A reborn Usman Khawaja will hold his place in Australia’s Test side with captain Pat Cummins affirming the 35-year-old is set to open the batting close by David Warner in the final Ashes Test against England in Hobart.
Marcus Harris will be the man to clear a path after Khawaja’s two splendid centuries at the SCG demanded selection for the Queensland captain.
Khawaja has an imposing record as an opener, averaging 96.80 with two centuries in eight innings at the top of the order.
Harris has scored 179 runs at 29.83 in this series, including a promising 76 at the MCG, yet has failed to benefit as much as possible from a few in number beginnings.
Cummins recommended Harris knew this tap on the shoulder was coming.
“The message to Harry is we think he is going really well,” Cummins said.
“It’s really tough on him. It’s not too often that someone comes in and gets two hundreds in the same game.
“I think Marcus has been really good. He’s been growing each game.
“He was a huge part in how he won that MCG Test; it was a crucial innings, so he’s certainly part of the future.”
Travis Head will supplant Khawaja further down the order after the South Australian recuperated from COVID-19.
The specific makeup of the XI is still to be affirmed with breakout bowling sensation Scott Boland expecting to finish a fitness test to have his place at Bellerive Oval on Friday.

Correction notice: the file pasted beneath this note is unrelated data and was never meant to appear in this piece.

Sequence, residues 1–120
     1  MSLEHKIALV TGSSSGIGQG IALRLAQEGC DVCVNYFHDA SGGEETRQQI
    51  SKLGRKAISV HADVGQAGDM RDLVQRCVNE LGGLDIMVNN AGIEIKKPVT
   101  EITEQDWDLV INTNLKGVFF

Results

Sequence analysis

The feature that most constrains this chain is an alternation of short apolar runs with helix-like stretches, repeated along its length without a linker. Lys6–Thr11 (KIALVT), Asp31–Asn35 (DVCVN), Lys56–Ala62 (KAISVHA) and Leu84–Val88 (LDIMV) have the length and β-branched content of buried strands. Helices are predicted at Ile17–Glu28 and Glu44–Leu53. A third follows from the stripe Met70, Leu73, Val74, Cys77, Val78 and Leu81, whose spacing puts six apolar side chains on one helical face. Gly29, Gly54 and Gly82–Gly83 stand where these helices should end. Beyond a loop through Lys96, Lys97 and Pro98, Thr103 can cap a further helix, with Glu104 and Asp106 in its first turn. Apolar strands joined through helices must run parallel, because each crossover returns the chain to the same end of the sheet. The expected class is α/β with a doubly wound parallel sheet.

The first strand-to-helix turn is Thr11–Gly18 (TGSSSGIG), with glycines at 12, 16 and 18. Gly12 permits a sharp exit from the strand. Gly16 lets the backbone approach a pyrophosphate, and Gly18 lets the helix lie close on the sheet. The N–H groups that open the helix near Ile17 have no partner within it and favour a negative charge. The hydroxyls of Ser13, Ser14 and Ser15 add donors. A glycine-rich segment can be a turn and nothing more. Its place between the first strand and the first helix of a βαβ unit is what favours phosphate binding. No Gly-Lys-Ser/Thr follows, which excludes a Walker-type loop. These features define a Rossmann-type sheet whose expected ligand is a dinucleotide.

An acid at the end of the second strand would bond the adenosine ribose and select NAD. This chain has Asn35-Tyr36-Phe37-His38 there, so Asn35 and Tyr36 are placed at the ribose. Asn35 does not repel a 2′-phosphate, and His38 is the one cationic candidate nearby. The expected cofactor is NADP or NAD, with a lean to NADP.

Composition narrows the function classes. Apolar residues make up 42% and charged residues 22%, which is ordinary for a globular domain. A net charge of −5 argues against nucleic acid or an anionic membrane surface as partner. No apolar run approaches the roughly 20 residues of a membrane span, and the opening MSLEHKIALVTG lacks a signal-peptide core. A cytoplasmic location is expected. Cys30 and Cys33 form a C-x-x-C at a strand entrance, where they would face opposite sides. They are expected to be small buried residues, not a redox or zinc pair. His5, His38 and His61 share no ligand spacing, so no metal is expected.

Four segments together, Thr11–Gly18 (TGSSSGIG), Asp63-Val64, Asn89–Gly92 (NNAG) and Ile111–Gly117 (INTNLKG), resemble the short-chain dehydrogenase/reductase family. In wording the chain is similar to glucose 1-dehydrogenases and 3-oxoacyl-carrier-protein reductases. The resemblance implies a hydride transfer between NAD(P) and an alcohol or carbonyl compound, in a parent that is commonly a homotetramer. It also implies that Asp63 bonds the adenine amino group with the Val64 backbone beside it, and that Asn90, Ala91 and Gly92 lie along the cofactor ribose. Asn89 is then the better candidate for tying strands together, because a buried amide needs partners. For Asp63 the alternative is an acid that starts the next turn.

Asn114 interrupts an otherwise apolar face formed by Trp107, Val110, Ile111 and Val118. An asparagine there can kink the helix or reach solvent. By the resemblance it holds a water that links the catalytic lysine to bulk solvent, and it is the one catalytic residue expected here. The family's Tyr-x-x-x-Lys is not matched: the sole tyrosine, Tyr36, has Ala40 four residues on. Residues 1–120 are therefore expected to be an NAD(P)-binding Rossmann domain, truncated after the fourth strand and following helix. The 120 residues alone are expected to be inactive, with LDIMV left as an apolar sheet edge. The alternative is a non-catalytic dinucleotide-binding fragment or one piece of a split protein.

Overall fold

Boland will attempt to bowl at training on Thursday in the wake of failing to bowl on Wednesday, with Cummins quick to see the Victorian hold his place in the XI that drew the fourth Test.
“We’ll see how Scotty goes,” Cummins said.
“He’ll just have a bowl and judge it. It feels a little bit better than it did a few days ago.
“He bowled 30-40 overs (in Sydney) after he did the injury, which gives us a lot of confidence he can get through it.
“It’s an injury he is confident doesn’t get worse with heaps of bowling. Hopefully he can manage.”
Mitchell Starc is likewise in some uncertainty with the veteran fast a candidate to be rested for the final Test of the series.
Jhye Richardson is the man expected to supplant both of the frontline fast-bowlers would it be a good idea for them they be inaccessible.
Warner portrayed opening with Khawaja as a “childhood dream”.
“We started out throwing balls against the wall, playing classic catches while watching our brothers play cricket,” Warner said on SEN.
“We’ve grown a special bond. I understand Usman and his culture very well, growing up with him.
“He’s been a bit misunderstood with the way he goes about practising and playing.
“He’s always backed himself, always proved the critics wrong. I’m just so proud of how he’s held his head high.”